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Which Decision-Making Arrangements Generate the Strongest Legitimacy Beliefs? Evidence from a Randomized Field Experiment

Journal article
Authors Peter Esaiasson
Mikael Gilljam
Mikael J Persson
Published in European Journal of Political Research
Volume 51
Issue 6
Pages 785-808
ISSN 1475-6765
Publication year 2012
Published at Department of Political Science
Pages 785-808
Language en
Links dx.doi.org/10.1111/j.1475-6765.2011...
Keywords democratic decision making; legitimacy beliefs; participatory constitution making; participatory democracy; procedural fairness; randomised field experiments
Subject categories Other Social Sciences not elsewhere specified

Abstract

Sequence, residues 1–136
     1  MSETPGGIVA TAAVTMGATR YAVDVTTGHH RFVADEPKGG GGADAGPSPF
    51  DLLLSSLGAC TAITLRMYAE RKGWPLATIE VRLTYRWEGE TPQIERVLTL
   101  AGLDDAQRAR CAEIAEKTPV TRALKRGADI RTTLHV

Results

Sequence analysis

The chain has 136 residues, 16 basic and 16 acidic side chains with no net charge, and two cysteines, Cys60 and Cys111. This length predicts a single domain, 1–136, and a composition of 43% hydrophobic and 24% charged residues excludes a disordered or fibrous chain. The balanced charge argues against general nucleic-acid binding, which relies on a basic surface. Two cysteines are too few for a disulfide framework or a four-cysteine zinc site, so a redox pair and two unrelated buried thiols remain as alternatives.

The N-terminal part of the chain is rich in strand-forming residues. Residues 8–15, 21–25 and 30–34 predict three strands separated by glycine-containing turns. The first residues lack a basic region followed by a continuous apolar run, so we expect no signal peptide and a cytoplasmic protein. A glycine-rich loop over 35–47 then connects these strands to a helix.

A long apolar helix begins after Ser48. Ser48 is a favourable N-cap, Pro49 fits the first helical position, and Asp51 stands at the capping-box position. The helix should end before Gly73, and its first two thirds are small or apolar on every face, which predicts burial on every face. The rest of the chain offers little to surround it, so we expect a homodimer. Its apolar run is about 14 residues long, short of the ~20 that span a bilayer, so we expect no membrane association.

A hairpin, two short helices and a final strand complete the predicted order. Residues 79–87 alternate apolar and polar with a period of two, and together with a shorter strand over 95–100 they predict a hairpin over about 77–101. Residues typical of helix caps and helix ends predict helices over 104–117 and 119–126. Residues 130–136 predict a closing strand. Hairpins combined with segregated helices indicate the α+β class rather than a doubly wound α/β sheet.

How can democracies satisfy citizens' demands for legitimate decision making? This article reports findings from a randomised field experiment designed to mimic decision making in large-scale democracies. Natural collectives of individuals with a shared history and future (high school classes) were studied. They were asked to make a decision about how to spend a sum of money under arrangements imposed by the researchers and distributed randomly across classes. Within this setting, empirical support for three ideas about legitimacy enhancing decision-making arrangements is tested: participatory constitution-making; personal involvement in the decision-making process; and fairness in the implementation of arrangements. Throughout the analyses it was found that personal involvement is the main factor generating legitimacy beliefs.

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